Dr. Richard Reichert and his wife, Jill, comprise our visiting Ophthalmologist team. Their third trip to Loma de Luz was this past February. During his time here, Dr. Reichert performed 20 surgeries. The two weeks that they were here the rain poured down in buckets. Rivers were “impossibly unpassable” as one friend said, and many patients were unable to keep their appointments. There was one patient and his wife that did not let the swelling rivers and drenching rain stop them. Having journeyed for hours on a trip that normally takes 20 minutes on a bus, they arrived late Friday afternoon after all of the surgeries had been performed. Upon examining him, Dr. Reichert found that he had a very dense cataract and could barely see light and that he also had a pterygium, which is a growth on the eye from sun damage, which needed to be removed. He was prepped for surgery immediately and taken to the O.R.  During this whole time it continued to rain cats and dogs. How they made it home after the surgery is unknown, but how they returned the next day for the follow-up appointment is: 

It was 8 am on Saturday, the day before Valentine’s Day, called Dia del Amor here, when we opened the eye clinic just for this patient. It was urgent that he be checked and receive medications to protect his eye from infection and to help heal the incisions. It had rained all night. This couple lives in Rio Esteban, a Garifuna village about five miles from the hospital. Between the hospital and Rio Esteban there are two rivers that cross the road. Since the rain had not stopped in nearly 48 hours both of these rivers were fast, full, and furious. Rio Esteban had overrun its banks two days earlier and was at a width that most locals had never seen before. (See picture at right.) The couple, we'll call them Mr. and Mrs. G, had called the hospital early that morning to confirm that they were indeed going to try to get here. After waiting nearly an hour and a half and knowing that they had left their home on foot three and half hours earlier, we were discouraged and worried about them. Then we heard a knock at the clinic door and opened it to find both of them safe and sound. We celebrated their arrival with amazement and a heart-felt welcome.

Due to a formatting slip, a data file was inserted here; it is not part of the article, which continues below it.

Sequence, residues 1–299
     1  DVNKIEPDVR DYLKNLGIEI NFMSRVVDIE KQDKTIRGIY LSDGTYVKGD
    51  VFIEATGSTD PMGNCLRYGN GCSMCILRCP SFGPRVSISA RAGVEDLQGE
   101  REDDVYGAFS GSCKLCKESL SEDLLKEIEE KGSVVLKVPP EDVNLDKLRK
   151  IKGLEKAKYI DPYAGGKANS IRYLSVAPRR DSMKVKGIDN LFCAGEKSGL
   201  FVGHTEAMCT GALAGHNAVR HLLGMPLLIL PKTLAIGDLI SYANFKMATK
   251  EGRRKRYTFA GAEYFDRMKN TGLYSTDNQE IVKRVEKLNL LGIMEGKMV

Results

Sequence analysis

After the celebration of their arrival, Dr. Reichert quickly began the post-op exam. The bandages and the protective eye patch were removed from Mr. G’s eye. The lighting was dimmed in the room as Mr. G began the E-chart exam. With a beautiful smile on his face, he began to slowly nod his head and with exuberance read the letters he could see. Mr. G’s eyesight, only one day post-op, was already 50 to 60% better! Mrs. G was sitting in a different area of the room where it was dark as her husband read the E-chart. As we turned the lights on in the room, Mr. G was walking to the area where his wife was sitting. As he passed her, he turned around, gazed upon her face and with a gentle smile said, “It has been a very long time since I have seen your lovely face.” They both smiled and then began to laugh together. We all shared in the joyful moment together. Since the next day was el Dia del Amor, we began having fun with them saying this year he would enjoy celebrating with her all the more. There was so much joy between them and you can see it in their beaming smiles and faces!
Look at those smiles!
I look forward to seeing them again in a few weeks to learn how much better his eyesight is and to talk with them again. I will ask him about how his life has changed since his operation. I will ask them if they understand what it means to walk by faith and not by sight. I will make sure that the name of the Lord is glorified through this miracle of sight.